turbo type X Klingspor Museum: Laura Brunner and Leonie Martin about the newly launched Klingspor Type Archive
“After many months of fiddling, scanning, inventorying and researching, we can finally share a fancy new type archive with the world. The first 1,000 digital copies of the archive of designs and type specimens from the type foundry Gebr. Klingspor are now accessible online, which makes us insanely happy!” reads Klingspor Museum’s announcement of a project two years in the making aka Klingspor Type Archive, the online initiative that houses the largest still existing and coherent collection of Klingspor material and one that aims to reintroduce a typographic legacy which deserves to be celebrated.
Many type designers and type enthusiasts are already familiar with Klingspor aka the type foundry of the same name in Offenbach/Main, Germany. Klingspor produced artistic typefaces for lead type in the first half of the 20th century and worked with personalities from various artistic disciplines, including Otto Eckmann, Peter Behrens, Rudolf Koch, and Walter Tiemann. Klingspor Type Archive which consists of designs that are in part over 120 years old and have not yet been fully inventoried, let alone digitized is reintroducing this chapter of typographic history to the world.
Featuring preliminary sketches and correspondence that bear witness to the creation of typefaces still known today, as well as artistically designed type specimens that advertised the finished products, the Klingspor Type Archive aims to be more than just the Klingspor Museum’s online catalog. Opting to be a source of inspiration and an object of investigation for designers and researchers alike, the Klingspor Type Archive brings into its digital realm “additional contemporary projects that began in the archive and now return here via the platform to become part of the catalog, providing additional context and thus contributing to a lively exchange” explains the team.
The focus of the website that is initiated and designed by Laura Brunner and Leonie Martin (both graduates of the University of Art and Design Offenbach and co-founders of the design studio turbo type) is clearly to bring the many typographic treasures of the collection into the limelight.
“Large images of the objects on a transparent background can be moved across the screen as if on a digital light table. Even the search feature, though suitable for scientific work, is actually a big toy and invites exploration with its sliders and buttons. After all, the archive – similar to Klingspor’s specimens, which were designed with a love of detail – should also be fun for the eye!” explain the creatives.
Typeset in bespoke type designed by turbo type, the fonts are a revisit to the Klingspor origins as Brunner and Martin’s custom font is a new interpretation of Koch-Antiqua, a serif typeface intended for decorative and display use, designed by Rudolf Koch and published by his employer the Klingspor Type Foundry in 1927.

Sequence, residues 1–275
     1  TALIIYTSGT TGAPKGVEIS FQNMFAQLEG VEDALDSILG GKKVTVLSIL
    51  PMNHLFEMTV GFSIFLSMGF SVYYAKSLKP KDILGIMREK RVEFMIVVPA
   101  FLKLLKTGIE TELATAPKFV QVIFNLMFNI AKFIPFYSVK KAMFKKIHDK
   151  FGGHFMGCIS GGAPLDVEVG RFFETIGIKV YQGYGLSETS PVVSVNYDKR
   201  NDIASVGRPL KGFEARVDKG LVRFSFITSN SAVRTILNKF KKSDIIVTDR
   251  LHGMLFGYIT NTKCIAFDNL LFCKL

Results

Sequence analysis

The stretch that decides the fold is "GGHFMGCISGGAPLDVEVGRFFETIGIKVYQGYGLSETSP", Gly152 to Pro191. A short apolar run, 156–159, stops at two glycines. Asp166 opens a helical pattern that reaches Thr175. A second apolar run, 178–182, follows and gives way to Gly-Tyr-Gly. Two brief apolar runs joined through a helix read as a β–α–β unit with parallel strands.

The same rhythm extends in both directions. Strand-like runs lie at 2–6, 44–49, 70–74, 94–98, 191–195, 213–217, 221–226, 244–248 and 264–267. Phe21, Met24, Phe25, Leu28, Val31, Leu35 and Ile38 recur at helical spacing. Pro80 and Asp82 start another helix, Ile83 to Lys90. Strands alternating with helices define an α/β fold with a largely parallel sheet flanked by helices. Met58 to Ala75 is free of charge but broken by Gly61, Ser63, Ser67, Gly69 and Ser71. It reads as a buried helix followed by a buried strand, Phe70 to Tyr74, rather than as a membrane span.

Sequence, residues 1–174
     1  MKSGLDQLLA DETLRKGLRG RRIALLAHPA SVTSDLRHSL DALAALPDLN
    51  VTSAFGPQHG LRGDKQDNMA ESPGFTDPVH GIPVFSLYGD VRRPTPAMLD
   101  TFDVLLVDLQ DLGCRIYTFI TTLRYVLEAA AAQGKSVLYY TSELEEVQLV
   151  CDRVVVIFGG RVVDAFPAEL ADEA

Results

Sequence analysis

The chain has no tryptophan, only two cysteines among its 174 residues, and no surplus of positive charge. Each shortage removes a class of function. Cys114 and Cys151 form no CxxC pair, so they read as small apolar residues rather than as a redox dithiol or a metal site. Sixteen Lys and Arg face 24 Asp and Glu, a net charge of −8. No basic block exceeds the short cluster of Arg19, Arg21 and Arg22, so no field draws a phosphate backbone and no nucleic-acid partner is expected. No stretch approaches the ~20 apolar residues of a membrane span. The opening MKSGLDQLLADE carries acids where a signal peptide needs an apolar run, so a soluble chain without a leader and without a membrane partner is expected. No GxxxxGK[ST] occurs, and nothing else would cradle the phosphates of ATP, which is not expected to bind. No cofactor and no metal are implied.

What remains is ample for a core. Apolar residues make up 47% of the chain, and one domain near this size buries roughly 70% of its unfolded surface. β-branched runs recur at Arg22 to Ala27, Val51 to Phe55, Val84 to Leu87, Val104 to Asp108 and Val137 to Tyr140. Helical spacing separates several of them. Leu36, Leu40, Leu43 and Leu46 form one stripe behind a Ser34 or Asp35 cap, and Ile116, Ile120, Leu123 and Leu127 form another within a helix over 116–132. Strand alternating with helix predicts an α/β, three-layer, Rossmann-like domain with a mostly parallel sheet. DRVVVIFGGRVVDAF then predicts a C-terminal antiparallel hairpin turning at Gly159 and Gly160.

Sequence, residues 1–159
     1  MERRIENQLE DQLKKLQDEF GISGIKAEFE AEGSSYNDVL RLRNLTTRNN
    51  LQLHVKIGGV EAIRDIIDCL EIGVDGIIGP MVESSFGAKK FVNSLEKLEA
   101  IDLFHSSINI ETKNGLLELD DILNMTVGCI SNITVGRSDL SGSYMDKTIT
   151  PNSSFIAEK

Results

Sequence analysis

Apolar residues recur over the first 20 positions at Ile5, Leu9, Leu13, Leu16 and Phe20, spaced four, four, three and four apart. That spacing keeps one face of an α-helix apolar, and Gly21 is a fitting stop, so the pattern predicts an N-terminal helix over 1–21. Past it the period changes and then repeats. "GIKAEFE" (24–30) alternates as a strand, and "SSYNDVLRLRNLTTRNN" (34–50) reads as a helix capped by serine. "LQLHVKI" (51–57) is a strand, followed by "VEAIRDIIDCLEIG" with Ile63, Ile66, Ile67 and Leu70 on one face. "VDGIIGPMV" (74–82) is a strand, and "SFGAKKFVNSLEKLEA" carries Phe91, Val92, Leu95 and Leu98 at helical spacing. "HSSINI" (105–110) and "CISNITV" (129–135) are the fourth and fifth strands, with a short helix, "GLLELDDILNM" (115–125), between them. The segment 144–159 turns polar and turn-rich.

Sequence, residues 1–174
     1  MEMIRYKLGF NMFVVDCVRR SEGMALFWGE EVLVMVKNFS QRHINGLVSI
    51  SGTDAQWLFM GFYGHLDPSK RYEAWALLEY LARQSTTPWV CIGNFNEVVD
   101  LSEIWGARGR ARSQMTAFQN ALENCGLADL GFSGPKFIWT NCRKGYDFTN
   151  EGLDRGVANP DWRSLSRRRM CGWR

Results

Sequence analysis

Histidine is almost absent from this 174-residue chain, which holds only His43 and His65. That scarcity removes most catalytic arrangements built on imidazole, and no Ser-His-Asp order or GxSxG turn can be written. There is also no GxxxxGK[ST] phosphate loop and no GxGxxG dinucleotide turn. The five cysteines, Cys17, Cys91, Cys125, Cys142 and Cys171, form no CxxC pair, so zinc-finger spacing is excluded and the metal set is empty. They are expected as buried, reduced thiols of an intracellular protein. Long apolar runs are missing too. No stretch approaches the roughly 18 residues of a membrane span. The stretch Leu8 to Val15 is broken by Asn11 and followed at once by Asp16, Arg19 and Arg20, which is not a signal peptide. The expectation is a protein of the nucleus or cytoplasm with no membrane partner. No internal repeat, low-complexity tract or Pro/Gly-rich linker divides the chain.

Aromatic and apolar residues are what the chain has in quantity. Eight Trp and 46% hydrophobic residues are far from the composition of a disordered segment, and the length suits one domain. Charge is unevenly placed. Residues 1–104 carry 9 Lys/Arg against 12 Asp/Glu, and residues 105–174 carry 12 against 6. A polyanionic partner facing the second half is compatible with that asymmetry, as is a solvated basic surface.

A delicate face with a low x-height, intended for decorative printing rather than for extended body text, Koch-Antiqua was Koch’s first roman or “Antiqua” type (the kind generally used in western Europe, as opposed to blackletter writing) and achieved considerable attention both in Germany and abroad. It was exported under the names “Locarno” and “Eve”. “I know of no type more elegant…Koch Antiqua is a highly individual design. It reveals the working of a fastidious mind and a skillful hand…perfectly suited to express in print the idea of elegance” Walter Tracy once commented on it.
In addition to Bold, Regular Sans, Regular Serif, and Italic, the bespoke typeface family created for the Klingspor Type Archive includes an additional set of Icons with a broad-nib style. “Each cut is individually drawn, resulting in small inconsistencies and handmade details similar to the original” note Brunner and Martin.
“The new catalog provides interested parties with extended access to the internationally sought-after archive, as well as usability that is independent of prior or specialist knowledge. Links, short articles, and the addition of contemporary design and research projects further contextualize the historical material” they add.
“It has been two years since the prototype of the site was first presented” Brunner and Martin explain about the Archive that started as their diploma project at HfG Offenbach. “A lot has happened since then: as turbo type, we have taken on the conception and design of the site and driven the planning and development forward together with Klingspor Museum and our programmers. We can hardly believe that all the objects we have so often had in our hands in the archive can now be clicked through digitally.”
An ongoing project that will deliver more as time unfolds, Typeroom welcomes this trove of a few hundred beautiful typographic treasures — approximately 2,500 objects from about 60 boxes have been photographed and are gradually moving into the online catalog — accessible for all to see, drag around and explore.
Explore Klingspor Type Archive here.
Tags/ typography, inspiration, type, origins, type design, custom, type foundry, custom font, bespoke type, type archive, archive, klingspor, klingspor type archive, klingspor museum, laura brunner, leonie martin, turbo type